If we take a quick stroll down history, the Spanish Flu is said to have originated in Kansas not Spain, Ebola doesn’t even come from the Ebola River. Yet, in 2020 we are still having debates of how to classify and name global diseases.  Calling COVID-19 the “Chinese flu” is hateful and wrong for so many reasons. Many health organizations have openly admitted that naming a disease or virus after a country or region in the past was not good. Diseases are now supposed to be named after their symptoms, characteristics, and the cause of the disease if known. COVID-19 (coronavirus discovered in 2019).  I refuse to argue with people who want to debate in ignorance with, “Well, it did come from China!”

Edward Cho, newly named president of Bread for the World, condemned the President’s remarks, Mr. President: This is not acceptable,” he wrote in his tweet. “Calling it the ‘Chinese virus’ only instigates blame, racism, and hatred against Asians — here and abroad. We need leadership that speaks clearly against racism; Leadership that brings the nation and world together. Not further divides.”

To date, there have been over 1,000 xenophobia related hate crimes against our Asian sisters and brothers. I watched a video of a woman on the bus being told violently to go back to China. I thought, that is someone’s mother, grandmother, friend, spouse. We must do better. We must hold our friends facing these acts of inhumanity in light. We must be better allies. There are times when we have shown up mightily and united in the face of adversity. We can do that again.  We are in uncertain times and the aftermath will last for years to come.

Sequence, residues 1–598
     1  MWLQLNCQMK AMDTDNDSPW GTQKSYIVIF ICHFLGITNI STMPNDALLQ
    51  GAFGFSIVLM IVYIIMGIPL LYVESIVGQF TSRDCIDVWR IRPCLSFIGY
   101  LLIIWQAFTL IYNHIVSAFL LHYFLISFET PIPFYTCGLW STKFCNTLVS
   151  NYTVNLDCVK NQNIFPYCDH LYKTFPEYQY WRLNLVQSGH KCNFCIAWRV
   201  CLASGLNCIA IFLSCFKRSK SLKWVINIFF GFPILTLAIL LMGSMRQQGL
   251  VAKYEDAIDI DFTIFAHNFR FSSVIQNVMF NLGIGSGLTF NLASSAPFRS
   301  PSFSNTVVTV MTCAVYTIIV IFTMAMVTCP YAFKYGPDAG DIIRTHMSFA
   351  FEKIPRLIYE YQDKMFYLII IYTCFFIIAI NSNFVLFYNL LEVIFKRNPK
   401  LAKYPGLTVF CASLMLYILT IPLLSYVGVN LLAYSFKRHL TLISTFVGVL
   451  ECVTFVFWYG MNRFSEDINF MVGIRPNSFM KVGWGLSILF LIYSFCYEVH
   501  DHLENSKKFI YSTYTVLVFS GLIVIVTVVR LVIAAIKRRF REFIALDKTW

I texted Candy the day I watched the video. I wanted to know how she was doing. She said they closed her job indefinitely in light of the slow business. This was before it was mandated to close.  I offered her prayer and told her I will be to see her as soon as the stay at home order was lifted. We will get through this pandemic – together, not apart. We will overcome together, not apart.  As we head into Holy Week navigating through a new normal for our churches, I think about how Jesus entered into a city that would crucify him days later. I think about His ultimate sacrifice, and how He came to set captives free, and to love unconditionally. He came to teach us how to live. And, how through the saving grace of Jesus we can extend that same grace to each other. Together, we will be better.

Shani McIlwain serves as a member of the NEXT Church Strategy Team. She is also a 5x bestselling author, radio show host, speaker, executive coach, She is a ruling elder at Faith Presbyterian Church where she has served for over 10 years leading various ministries and committees. She serves NCP as well as a Young Adult Volunteer board member, Spiritual Formation team, and CPM.